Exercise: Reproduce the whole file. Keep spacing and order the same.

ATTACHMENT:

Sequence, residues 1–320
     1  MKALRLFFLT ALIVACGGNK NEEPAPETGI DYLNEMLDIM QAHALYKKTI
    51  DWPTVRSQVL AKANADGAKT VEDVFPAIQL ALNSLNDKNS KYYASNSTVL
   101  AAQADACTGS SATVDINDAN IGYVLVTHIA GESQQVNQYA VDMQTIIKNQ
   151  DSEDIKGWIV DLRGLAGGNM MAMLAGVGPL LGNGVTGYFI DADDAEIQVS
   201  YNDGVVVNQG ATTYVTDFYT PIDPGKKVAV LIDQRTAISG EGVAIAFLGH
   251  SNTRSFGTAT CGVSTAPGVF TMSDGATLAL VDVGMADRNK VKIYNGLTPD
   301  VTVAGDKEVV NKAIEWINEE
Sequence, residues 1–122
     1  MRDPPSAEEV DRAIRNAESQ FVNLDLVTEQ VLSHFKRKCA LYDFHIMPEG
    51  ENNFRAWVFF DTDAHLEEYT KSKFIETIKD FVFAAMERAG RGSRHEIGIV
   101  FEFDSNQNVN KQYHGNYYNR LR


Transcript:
Sequence, residues 1–320
     1  MKALRLFFLT ALIVACGGNK NEEPAPETGI DYLNEMLDIM QAHALYKKTI
    51  DWPTVRSQVL AKANADGAKT VEDVFPAIQL ALNSLNDKNS KYYASNSTVL
   101  AAQADACTGS SATVDINDAN IGYVLVTHIA GESQQVNQYA VDMQTIIKNQ
   151  DSEDIKGWIV DLRGLAGGNM MAMLAGVGPL LGNGVTGYFI DADDAEIQVS
   201  YNDGVVVNQG ATTYVTDFYT PIDPGKKVAV LIDQRTAISG EGVAIAFLGH
   251  SNTRSFGTAT CGVSTAPGVF TMSDGATLAL VDVGMADRNK VKIYNGLTPD
   301  VTVAGDKEVV NKAIEWINEE
Sequence, residues 1–122
     1  MRDPPSAEEV DRAIRNAESQ FVNLDLVTEQ VLSHFKRKCA LYDFHIMPEG
    51  ENNFRAWVFF DTDAHLEEYT KSKFIETIKD FVFAAMERAG RGSRHEIGIV
   101  FEFDSNQNVN KQYHGNYYNR LR